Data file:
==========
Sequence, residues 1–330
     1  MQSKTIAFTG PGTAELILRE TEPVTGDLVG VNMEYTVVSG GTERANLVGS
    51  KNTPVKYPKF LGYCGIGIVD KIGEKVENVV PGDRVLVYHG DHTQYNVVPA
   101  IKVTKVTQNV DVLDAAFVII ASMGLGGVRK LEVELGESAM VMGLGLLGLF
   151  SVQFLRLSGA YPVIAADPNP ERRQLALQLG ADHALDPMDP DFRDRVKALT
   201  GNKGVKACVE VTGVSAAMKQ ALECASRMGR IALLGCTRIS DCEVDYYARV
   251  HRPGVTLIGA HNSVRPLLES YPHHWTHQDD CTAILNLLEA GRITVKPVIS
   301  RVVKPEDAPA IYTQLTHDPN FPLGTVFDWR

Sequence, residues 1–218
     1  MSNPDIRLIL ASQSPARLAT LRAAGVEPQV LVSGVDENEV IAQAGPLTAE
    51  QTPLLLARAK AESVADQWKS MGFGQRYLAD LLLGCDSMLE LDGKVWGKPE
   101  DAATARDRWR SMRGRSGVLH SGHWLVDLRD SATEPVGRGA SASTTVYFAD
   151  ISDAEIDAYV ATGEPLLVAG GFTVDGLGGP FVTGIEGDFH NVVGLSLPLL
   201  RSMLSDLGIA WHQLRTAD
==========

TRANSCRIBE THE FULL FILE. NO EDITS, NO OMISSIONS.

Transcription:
Sequence, residues 1–330
     1  MQSKTIAFTG PGTAELILRE TEPVTGDLVG VNMEYTVVSG GTERANLVGS
    51  KNTPVKYPKF LGYCGIGIVD KIGEKVENVV PGDRVLVYHG DHTQYNVVPA
   101  IKVTKVTQNV DVLDAAFVII ASMGLGGVRK LEVELGESAM VMGLGLLGLF
   151  SVQFLRLSGA YPVIAADPNP ERRQLALQLG ADHALDPMDP DFRDRVKALT
   201  GNKGVKACVE VTGVSAAMKQ ALECASRMGR IALLGCTRIS DCEVDYYARV
   251  HRPGVTLIGA HNSVRPLLES YPHHWTHQDD CTAILNLLEA GRITVKPVIS
   301  RVVKPEDAPA IYTQLTHDPN FPLGTVFDWR

Sequence, residues 1–218
     1  MSNPDIRLIL ASQSPARLAT LRAAGVEPQV LVSGVDENEV IAQAGPLTAE
    51  QTPLLLARAK AESVADQWKS MGFGQRYLAD LLLGCDSMLE LDGKVWGKPE
   101  DAATARDRWR SMRGRSGVLH SGHWLVDLRD SATEPVGRGA SASTTVYFAD
   151  ISDAEIDAYV ATGEPLLVAG GFTVDGLGGP FVTGIEGDFH NVVGLSLPLL
   201  RSMLSDLGIA WHQLRTAD